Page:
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Sarkisova: Stop Vitriol Toward Northwestern Players

Guest writer Dayana Sarkisova is a former four-time All-American fencer for Northwestern. She currently works for ESPN. You can follow her on Twitter at @dsarkisova.

As a former Northwestern student-athlete, I felt the need to offer up a different perspective than the one that has been given a voice in the press, and has predominantly infiltrated my social media accounts.

When news broke of Northwestern football players aiming to unionize, my initial reaction was one that I believe many Northwestern alumni shared — pride. You'd be hard-pressed to find a single person outside the NCAA itself that believes the current landscape for student-athletes is an appropriate one. To have Wildcats at the forefront of a long overdue revolution made me prouder than ever of my alma mater, and I saw the same sense of pride reflected in fellow alumni and current students alike.

However, once the details were digested, it became clear to everyone the battle would turn ugly, quickly. What initially burst into national news as a Northwestern vs. the NCAA battle quickly revealed itself as a Northwestern vs. Northwestern civil war. My fellow student-athletes and I sat back in horror and disappointment to watch the very institution that we owed much of our lives and successes to get dragged through the mud — as undeserving a punishment as it gets.

Here is where we reach the very irony of the situation. A movement like this takes individuals with a deep motivation, a commitment to hard work, and levels of passion that few are courageous enough to epitomize. And sadly -- ironically -- these are exactly the kind of exemplary individuals Northwestern produces. Fellow Northwestern alum Darren Rovell tweeted on Wednesday: "Thought Northwestern was a bad choice to prove employee argument. Now that NLRB has sided with players, it's a brilliant choice." Touché.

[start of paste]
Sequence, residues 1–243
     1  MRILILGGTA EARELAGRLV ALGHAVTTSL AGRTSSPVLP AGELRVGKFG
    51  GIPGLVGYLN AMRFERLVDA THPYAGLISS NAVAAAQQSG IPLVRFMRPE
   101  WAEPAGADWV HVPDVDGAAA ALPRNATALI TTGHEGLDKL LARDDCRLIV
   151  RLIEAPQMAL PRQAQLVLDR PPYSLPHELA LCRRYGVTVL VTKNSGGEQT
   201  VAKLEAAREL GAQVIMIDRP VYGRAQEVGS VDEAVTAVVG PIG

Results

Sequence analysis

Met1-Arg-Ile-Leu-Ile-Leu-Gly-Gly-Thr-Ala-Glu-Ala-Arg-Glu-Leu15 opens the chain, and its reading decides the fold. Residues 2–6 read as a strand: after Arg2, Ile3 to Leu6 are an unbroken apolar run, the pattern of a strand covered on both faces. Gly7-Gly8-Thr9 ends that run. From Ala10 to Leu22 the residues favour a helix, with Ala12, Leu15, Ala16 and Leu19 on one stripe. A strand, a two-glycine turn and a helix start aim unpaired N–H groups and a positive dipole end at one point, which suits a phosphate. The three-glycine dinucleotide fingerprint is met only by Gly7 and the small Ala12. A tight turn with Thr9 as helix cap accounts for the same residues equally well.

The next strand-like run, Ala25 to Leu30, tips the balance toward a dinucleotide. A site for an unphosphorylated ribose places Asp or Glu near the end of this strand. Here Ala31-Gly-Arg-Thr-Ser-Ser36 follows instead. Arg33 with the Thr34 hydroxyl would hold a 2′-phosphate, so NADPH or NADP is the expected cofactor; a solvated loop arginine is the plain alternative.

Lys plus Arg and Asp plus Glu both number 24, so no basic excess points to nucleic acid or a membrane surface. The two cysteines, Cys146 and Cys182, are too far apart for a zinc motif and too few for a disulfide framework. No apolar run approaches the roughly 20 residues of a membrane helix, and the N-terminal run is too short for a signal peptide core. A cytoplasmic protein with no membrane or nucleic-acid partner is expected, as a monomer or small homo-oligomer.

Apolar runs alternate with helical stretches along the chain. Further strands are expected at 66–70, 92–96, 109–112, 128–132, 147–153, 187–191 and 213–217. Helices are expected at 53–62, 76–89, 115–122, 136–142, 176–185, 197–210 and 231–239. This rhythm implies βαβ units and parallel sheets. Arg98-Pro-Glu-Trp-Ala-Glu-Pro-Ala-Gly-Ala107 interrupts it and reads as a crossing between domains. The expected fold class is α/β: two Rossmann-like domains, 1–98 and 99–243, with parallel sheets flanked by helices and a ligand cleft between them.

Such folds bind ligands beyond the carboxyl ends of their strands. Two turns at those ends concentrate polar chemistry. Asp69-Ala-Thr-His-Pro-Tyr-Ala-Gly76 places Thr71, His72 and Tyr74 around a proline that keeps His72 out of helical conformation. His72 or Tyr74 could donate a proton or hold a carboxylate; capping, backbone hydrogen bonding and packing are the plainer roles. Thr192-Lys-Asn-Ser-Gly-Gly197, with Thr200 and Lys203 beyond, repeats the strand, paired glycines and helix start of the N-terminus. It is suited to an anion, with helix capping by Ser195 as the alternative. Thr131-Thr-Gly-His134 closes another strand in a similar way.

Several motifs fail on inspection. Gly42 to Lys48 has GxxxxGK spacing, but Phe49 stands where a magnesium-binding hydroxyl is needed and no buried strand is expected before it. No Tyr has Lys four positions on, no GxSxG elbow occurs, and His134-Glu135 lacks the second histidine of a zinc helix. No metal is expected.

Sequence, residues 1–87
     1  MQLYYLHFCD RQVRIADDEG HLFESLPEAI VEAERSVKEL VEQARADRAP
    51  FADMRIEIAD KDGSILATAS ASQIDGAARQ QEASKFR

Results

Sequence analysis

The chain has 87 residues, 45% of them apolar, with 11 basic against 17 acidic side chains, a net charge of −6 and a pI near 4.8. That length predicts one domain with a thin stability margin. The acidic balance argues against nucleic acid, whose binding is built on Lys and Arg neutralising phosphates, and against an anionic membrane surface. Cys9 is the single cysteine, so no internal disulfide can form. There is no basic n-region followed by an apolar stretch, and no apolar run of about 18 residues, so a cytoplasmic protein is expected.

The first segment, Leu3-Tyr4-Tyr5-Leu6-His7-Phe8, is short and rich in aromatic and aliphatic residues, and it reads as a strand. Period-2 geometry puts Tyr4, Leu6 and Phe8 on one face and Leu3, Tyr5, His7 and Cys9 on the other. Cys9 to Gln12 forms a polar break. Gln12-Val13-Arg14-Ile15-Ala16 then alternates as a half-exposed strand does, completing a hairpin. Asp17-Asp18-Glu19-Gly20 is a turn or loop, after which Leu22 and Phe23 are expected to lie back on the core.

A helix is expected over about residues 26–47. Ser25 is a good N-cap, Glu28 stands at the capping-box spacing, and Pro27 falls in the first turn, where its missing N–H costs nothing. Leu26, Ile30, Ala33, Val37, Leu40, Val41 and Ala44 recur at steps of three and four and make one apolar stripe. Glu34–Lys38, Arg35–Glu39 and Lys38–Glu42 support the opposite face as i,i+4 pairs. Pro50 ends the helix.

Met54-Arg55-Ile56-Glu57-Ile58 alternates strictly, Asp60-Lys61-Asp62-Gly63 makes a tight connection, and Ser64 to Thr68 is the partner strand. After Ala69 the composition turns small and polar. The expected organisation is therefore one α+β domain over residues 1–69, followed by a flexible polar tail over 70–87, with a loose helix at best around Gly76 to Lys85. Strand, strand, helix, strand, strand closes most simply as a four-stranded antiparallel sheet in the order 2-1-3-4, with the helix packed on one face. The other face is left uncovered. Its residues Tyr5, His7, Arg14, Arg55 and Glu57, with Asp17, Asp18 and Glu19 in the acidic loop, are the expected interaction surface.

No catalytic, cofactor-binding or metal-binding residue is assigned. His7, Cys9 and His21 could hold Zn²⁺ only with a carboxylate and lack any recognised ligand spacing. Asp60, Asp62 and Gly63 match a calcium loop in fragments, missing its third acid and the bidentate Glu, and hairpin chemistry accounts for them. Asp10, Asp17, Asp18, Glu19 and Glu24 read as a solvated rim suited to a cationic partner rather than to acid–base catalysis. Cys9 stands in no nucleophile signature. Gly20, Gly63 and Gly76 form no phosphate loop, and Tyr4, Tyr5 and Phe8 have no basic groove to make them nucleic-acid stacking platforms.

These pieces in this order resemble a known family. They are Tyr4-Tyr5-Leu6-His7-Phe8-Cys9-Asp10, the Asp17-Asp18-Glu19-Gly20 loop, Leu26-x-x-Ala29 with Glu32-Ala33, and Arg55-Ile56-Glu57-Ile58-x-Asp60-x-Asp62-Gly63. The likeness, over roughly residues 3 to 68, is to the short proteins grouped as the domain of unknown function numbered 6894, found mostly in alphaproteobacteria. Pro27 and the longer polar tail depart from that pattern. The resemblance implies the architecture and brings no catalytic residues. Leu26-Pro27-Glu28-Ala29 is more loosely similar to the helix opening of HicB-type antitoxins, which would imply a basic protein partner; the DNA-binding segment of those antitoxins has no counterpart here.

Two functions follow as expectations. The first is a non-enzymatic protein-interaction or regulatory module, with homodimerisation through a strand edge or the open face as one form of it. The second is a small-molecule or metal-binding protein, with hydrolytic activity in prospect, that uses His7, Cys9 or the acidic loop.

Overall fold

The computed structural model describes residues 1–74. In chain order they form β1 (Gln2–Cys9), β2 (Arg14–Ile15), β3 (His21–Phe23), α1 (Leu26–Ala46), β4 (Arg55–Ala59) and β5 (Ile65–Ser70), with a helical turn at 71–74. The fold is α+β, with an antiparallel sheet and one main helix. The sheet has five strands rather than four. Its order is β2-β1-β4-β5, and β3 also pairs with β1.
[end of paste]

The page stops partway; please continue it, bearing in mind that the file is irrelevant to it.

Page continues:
While Northwestern is easily the least deserving program to be made into this revolution's sacrificial lamb, I have a hard time believing student-athletes at most other schools could rally together and spearhead a movement the way Kain and his teammates have.

I'm not here to share my personal opinions on unionization, an athlete’s amateur status, or how the NCAA should be modified. Not even my thoughts on the manner in which Kain has carried out his undertaking. If you want to hear them, I'm happy to engage in a conversation.

What I am here to do is say this: Fellow Northwestern alumni, stop posting status updates such as "I'm embarrassed to be a Northwestern student-athlete alum!" (I’ve now seen this numerous times.) If you've established an opposing viewpoint to Kain’s testimonies, which many former student-athletes have, this presents itself as an extremely hypocritical statement to make, and no one is let looking more foolish than you. Enough with petty denunciation of our football team — comments such as "Maybe you should win a few games first!" — as if you have any earthly idea of what goes into winning a Division I football game.

Solidarity in our community does not equate to completely agreeing with Kain's vision and tactics — solidarity means understanding that if you have no practical solutions to offer, do not vilify those who have the courage to take action with theirs.

If you have yet to read The Atlantic's "The Shame of College Sports," I encourage you to do so. It is a 10,000-or-so-word essay detailing the history of corruption within the NCAA. When it was published in 2011, the article's main criticism was that it presented an outstanding account of the struggle, yet offered no solution. Three years after its publication — and nearly 109 years after its first cited example of corruption within college sports — one of the most monumental courses of action in the history of student-athletes has been taken, and it was taken by Wildcats.

The bottom line is the situation is a mess, no matter which way one looks at it. Everyone wants change, yet the problems are intrinsically so deep-rooted and intricate that there is no feasible solution in sight. It is easy to proclaim "we need change, but not in this way, and not in that way." It takes real courage to present a solution, flawed as it may be. So while everyone sits back and offers their own, perhaps very valid, criticism from the sidelines, let's not forget to also respect those who choose to take action.